From investigating new sources of clean and renewable energy to assisting in the search for one of nature’s most elusive particles, scientists in the Chemistry Department have a long history of research and an even brighter future. Below is just a glimpse of the department’s accomplishments and current projects.
Searching for Neutrinos
Solar neutrinos – uncharged, elementary particles produced in the nuclear reactions that power the sun – have long been sought after by Brookhaven chemists. Because neutrinos interact with matter very rarely, large detectors, usually filled chemically laced liquid, are needed to catch the elusive particles. In the late 1940s, using a 1,000-gallon tank of carbon tetrachloride, Brookhaven researchers attempted to study neutrinos emitted from reactors, in particular, the Lab’s Graphite Research Reactor. Next, the scientists turned their focus to neutrinos produced by the sun. Using 100,000 gallons of perchloroethylene (inset), Brookhaven chemists initiated and operated the pioneering experiments that uncovered the famous solar neutrino deficit, a puzzling discovery that the number of solar neutrinos detected on Earth is only a fraction of that predicted by theory. This experiment, conducted in Lead, South Dakota in the early 1970s, led to the 2002 Nobel Prize in Physics for Brookhaven chemist Raymond Davis, Jr. More...
Following this discovery, Brookhaven’s Solar Neutrino Group participated in two major solar neutrino experiments that elucidated the nature of the “solar neutrino problem”: from 1986-1998 in GALLEX in Gran Sasso, Italy, and from 1996 to 2006 in the Canadian Solar Neutrino Observatory (SNO). Both of these experiments depended on vast amounts of chemically prepared liquid for its detectors – 30 tons of gallium for GALLEX and 1,000 tons of heavy water for SNO – which Brookhaven chemists helped test and purify. SNO eventually “solved” the neutrino problem some 30 years after its discovery by demonstrating that two-thirds of the neutrinos emitted by the Sun "disappear" by morphing, or oscillating, among three varieties of neutrinos as they journey to the Earth. The presence of these oscillations proves that neutrinos have mass, and this provides the first solid experimental evidence that the Standard Model, which describes the interactions among subatomic particles, needs to be extended.
Now, scientists are studying these oscillations in detail. At the proposed Daya Bay Neutrino Project in southern China, Brookhaven scientists are part of an international team trying to find a specific neutrino oscillation quantity as the particles are emitted from a series of nuclear reactors. This could help scientists understand more about neutrino behavior, the extension of the Standard Model, and possibly the early history of the universe.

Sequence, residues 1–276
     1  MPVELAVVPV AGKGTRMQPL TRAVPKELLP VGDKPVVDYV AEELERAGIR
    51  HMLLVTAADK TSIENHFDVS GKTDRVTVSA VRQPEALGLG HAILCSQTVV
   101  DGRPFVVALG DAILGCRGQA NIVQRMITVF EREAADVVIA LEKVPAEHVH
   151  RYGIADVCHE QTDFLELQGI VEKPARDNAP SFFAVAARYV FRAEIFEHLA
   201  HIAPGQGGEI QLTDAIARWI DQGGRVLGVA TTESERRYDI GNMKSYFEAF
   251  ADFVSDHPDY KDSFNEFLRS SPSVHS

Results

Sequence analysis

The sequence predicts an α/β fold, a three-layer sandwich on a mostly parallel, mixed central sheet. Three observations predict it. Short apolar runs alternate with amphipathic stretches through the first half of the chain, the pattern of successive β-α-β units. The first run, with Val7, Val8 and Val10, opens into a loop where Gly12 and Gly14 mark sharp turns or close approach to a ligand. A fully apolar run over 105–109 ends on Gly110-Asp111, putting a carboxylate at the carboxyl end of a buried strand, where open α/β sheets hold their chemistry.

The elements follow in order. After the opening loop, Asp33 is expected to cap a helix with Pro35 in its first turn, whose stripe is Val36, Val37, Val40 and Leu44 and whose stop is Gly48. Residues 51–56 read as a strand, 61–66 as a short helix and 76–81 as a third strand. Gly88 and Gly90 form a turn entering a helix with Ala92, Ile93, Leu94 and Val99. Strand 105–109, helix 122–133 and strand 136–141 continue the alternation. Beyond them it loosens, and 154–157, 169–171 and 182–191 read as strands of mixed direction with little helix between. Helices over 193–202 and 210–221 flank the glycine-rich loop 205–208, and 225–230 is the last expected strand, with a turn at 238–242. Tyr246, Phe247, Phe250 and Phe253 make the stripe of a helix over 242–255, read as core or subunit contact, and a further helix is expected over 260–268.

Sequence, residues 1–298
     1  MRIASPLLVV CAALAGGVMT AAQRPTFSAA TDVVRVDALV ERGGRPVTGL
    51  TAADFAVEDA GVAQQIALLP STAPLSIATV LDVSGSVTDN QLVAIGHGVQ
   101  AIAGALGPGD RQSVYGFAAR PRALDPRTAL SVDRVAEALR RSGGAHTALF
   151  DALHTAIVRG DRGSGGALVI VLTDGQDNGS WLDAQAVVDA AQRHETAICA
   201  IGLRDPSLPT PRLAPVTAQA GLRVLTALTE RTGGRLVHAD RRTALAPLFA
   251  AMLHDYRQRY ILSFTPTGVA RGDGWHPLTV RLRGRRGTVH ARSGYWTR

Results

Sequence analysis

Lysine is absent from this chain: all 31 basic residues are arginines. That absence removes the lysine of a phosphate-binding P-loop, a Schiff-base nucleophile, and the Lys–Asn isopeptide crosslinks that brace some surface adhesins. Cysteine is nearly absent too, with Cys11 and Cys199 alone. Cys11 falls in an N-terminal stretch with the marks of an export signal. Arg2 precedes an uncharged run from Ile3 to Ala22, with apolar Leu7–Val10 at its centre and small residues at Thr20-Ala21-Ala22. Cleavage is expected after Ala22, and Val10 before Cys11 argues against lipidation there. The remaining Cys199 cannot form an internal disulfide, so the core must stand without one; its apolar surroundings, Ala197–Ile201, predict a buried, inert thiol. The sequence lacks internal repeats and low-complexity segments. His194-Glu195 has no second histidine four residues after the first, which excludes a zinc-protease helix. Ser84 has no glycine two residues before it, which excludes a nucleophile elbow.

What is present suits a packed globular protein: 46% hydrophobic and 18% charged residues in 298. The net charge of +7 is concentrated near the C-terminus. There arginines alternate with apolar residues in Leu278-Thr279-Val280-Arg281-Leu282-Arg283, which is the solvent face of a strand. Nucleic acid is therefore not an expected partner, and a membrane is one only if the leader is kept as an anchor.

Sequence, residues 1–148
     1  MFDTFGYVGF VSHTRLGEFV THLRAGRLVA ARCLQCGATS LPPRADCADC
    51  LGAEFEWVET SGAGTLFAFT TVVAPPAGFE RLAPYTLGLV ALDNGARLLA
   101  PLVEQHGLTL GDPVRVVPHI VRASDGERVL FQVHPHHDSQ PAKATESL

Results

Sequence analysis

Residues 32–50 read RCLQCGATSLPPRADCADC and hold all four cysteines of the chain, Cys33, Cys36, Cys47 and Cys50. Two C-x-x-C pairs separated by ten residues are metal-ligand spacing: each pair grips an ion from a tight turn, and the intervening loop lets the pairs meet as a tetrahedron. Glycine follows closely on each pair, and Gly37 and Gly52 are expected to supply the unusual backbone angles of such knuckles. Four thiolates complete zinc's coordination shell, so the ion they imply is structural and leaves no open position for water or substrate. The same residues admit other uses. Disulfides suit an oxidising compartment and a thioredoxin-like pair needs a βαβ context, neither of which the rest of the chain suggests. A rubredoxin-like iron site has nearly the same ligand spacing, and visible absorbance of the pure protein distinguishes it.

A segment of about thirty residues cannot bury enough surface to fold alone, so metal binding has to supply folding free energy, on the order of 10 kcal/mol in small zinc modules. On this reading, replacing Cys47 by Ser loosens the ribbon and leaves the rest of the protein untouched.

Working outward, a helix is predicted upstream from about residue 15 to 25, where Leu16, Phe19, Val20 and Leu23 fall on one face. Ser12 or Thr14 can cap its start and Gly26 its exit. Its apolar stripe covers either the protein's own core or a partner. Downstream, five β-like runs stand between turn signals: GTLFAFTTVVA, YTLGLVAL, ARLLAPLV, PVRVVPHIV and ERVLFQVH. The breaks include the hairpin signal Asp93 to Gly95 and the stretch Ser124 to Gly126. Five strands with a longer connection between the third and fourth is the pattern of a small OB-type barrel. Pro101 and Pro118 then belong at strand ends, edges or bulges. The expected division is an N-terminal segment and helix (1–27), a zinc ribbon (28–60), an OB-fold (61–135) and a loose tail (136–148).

Imaging and Neuroscience
While most other imaging methods reveal structure, Positron Emission Tomography (PET) is a widely used technique to probe brain function. PET images are developed by reconstructing the locations at which positrons (particles with the opposite charge of electrons) are annihilated after being emitted from radioactive compounds metabolized in the brain. In addition to its groundbreaking PET studies of the mechanisms of addiction and treatment of addiction, Brookhaven chemists played an important role in the method used for the discovery and synthesis of radiopharmaceuticals. The synthesis and use of a radioactive compound called fluorodeoxyglucose (FDG) was pioneered by researchers in the Chemistry Department, and FDG is now the most popular compound used in PET studies worldwide.
The Positron Emission Tomography Group and the Magnetic Resonance Imaging (MRI) Group, formerly in the Chemistry Department, along with the PET, MRI, and Imaging groups in the Brookhaven Medical Department now comprise the Brookhaven Center for Translational Neuroimaging, an interdisciplinary organization that reflects the diverse nature of modern medical imaging.
Investigating Alternative Fuels
One way to develop alternative, cost-effective, and clean fuels involves the use of solar energy. Specifically, Brookhaven chemists want to design a system inspired by photosynthesis, the natural process by which green plants convert sunlight, water, and carbon dioxide into oxygen and carbohydrates. The groundwork for this research was laid in the late 1950s, as BNL scientists investigated electron transfer, the process in which the overall energy in a system of interacting molecules changes and induces an electron to jump from one molecule to another, and drives complex reactions such as photosynthesis. This led to research today on so-called “artificial photosynthesis,” in which man-made systems produce fuels like methanol, methane, and hydrogen directly from water and carbon dioxide using renewable solar energy. More...
In their attempts to create these photosynthetic systems, Brookhaven chemists also are learning how to split water, in which one of the products is hydrogen. Hydrogen has great potential as a clean replacement for petroleum, but storing it safely and compactly is difficult. In 1965, Brookhaven chemists discovered an iron-titanium hydride with great potential as a safe means of storing hydrogen. Today, BNL researchers are looking at aluminum hydride as a potential hydrogen storage material as well as the use of different catalysts for fuel cell reactions and hydrogen production.
Related to this effort, researchers have demonstrated new catalysts that reduce the amount of platinum used in fuel cells, making the technology much more cost-effective. BNL scientists also have discovered that adding gold clusters to the system can slow the deterioration of platinum electrocatalysts and make fuel-cell powered electric cars more feasible. More...